On Friday, my former English teacher from Pasadena City College met me at the post office and handed me the letter of recommendation. I sealed the envelope and put the application in the mail slot.
Then I got a call.
Then the interview came.
Then I was accepted and I became a 2003 Emerging Voices Fellow, where I worked on my first novel, which I had begun at UCSC four years before and hadn’t touched since. Maria Amparo Escandon was an amazing mentor, and under her guidance my novel began to take shape. Everyone at PEN Center USA was supportive, and I had never felt more determined than I did during the fellowship.
In June, one of the guest speakers for Emerging Voices was Jenoyne Adams, who was then a literary agent at Levine-Greenberg Agency. I told her about my novel-in-progress and, after reading it, she took me on as a client. A few months later, Malaika Adero, senior vice president at Atria (an imprint of Simon & Schuster), offered me a contract. Across a Hundred Mountains was published in 2006. In 2007, it won an American Book Award and the El Premio Aztlan Literary Award.
Now, three books later, I think about that day when I woke up seized with fear at realizing that I had allowed my dream of being a writer to slip away from me. I remember how I decided I wasn’t going to let that happen, and then, miraculously, Emerging Voices appeared before me and opened the doors of publication to me. I will be forever grateful to Emerging Voices for helping me make my dream come true, for teaching me that when you make the decision to seize your dream, the universe with align itself to get you there.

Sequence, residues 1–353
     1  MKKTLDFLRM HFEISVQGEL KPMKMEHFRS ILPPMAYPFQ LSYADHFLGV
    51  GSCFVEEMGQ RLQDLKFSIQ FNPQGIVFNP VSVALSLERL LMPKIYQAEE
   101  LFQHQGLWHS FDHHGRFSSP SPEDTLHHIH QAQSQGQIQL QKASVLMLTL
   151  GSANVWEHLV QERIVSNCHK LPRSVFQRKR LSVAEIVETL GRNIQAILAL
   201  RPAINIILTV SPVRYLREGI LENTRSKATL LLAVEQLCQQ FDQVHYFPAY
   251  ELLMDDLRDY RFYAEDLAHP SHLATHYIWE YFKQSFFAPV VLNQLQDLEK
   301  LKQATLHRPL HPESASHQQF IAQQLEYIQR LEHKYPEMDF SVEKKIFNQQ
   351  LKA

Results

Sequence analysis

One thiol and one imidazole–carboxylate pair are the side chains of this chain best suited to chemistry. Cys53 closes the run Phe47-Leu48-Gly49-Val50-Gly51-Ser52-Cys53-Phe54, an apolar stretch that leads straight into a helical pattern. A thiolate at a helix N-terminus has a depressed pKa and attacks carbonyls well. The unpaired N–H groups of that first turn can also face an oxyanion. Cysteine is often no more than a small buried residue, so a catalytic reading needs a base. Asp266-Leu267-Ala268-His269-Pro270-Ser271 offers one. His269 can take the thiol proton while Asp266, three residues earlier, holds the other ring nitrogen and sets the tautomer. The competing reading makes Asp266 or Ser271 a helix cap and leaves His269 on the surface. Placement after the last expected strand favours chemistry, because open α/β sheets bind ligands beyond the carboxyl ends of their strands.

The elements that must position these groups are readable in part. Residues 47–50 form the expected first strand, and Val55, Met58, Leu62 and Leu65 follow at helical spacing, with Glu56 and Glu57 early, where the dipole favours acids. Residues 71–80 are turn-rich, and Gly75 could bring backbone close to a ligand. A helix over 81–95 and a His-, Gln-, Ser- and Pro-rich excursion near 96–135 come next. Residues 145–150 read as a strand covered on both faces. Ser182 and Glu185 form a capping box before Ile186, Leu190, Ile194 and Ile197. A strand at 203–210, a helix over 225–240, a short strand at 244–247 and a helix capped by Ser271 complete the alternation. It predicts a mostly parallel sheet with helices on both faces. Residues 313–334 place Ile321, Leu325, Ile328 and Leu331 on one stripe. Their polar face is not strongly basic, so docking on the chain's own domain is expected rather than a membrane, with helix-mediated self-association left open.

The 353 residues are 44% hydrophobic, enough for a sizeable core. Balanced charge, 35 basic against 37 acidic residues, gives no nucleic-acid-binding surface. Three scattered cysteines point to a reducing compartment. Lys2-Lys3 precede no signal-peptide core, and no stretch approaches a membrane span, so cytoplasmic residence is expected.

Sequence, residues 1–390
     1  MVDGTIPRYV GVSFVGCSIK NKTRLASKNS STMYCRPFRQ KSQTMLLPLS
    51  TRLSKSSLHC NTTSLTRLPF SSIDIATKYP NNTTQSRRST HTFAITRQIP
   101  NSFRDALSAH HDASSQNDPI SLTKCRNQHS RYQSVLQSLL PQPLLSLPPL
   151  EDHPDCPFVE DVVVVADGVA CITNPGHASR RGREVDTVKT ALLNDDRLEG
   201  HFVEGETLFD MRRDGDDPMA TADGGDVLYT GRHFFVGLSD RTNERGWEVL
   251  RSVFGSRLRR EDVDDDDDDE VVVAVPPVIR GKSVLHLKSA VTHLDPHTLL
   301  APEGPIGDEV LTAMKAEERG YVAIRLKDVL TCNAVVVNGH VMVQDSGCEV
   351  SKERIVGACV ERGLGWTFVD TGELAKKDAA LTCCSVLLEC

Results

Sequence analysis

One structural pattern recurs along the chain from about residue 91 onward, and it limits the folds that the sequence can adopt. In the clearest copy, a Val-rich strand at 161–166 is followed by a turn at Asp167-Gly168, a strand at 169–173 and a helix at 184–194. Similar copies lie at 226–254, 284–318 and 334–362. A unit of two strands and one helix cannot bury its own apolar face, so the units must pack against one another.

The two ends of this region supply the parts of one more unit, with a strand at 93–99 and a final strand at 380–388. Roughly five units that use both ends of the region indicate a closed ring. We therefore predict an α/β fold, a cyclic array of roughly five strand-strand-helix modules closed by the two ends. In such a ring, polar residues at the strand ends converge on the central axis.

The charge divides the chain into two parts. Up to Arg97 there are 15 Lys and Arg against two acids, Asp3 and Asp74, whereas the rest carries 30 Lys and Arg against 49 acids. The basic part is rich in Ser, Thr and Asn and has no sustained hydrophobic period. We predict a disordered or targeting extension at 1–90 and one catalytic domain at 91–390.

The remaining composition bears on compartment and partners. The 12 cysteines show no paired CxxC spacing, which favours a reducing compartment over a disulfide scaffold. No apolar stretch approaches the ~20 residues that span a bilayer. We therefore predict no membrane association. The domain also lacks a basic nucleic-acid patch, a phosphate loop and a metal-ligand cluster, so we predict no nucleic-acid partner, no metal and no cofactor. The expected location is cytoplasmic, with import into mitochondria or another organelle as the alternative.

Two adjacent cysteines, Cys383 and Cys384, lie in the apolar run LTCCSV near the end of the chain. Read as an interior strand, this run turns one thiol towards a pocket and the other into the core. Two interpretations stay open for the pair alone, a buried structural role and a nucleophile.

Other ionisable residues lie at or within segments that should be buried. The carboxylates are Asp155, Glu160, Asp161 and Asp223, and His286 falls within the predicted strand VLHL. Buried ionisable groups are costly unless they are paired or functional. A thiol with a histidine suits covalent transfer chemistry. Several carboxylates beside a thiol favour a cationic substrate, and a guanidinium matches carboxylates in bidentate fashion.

So what are you waiting for?"

The 2015 Emerging Voices Fellowship application is now available. For more information, click here. 



Writers’ Reel: Sandra Cisneros On Becoming a Writer

Sandra Cisneros
Héctor Tobar, 2014 Emerging Voices Mentor, interviews author Sandra Cisneros for the Los Angeles Times. In this video, Cisneros discusses her latest novel, the moment she publicly claimed she was a writer, and the day she received her first published book.

“When you are coming from a working class home, you don’t want to say you are a poet. You can’t say that. I could publicly say ‘I want to be an English teacher’ and that’s what people expected from girls.” – Sandra Cisneros 

Watch the full video here:

Bookmark This: Amanda Fletcher On Not Giving Up

Amanda Fletcher, 2012 Emerging Voices Fellow, describes how she turned what began as a pipe dream into a reality by letting go of her fears and doing the hard work.
“Pipe dream (noun): A hope, wish, or dream that is impossible to achieve or not practical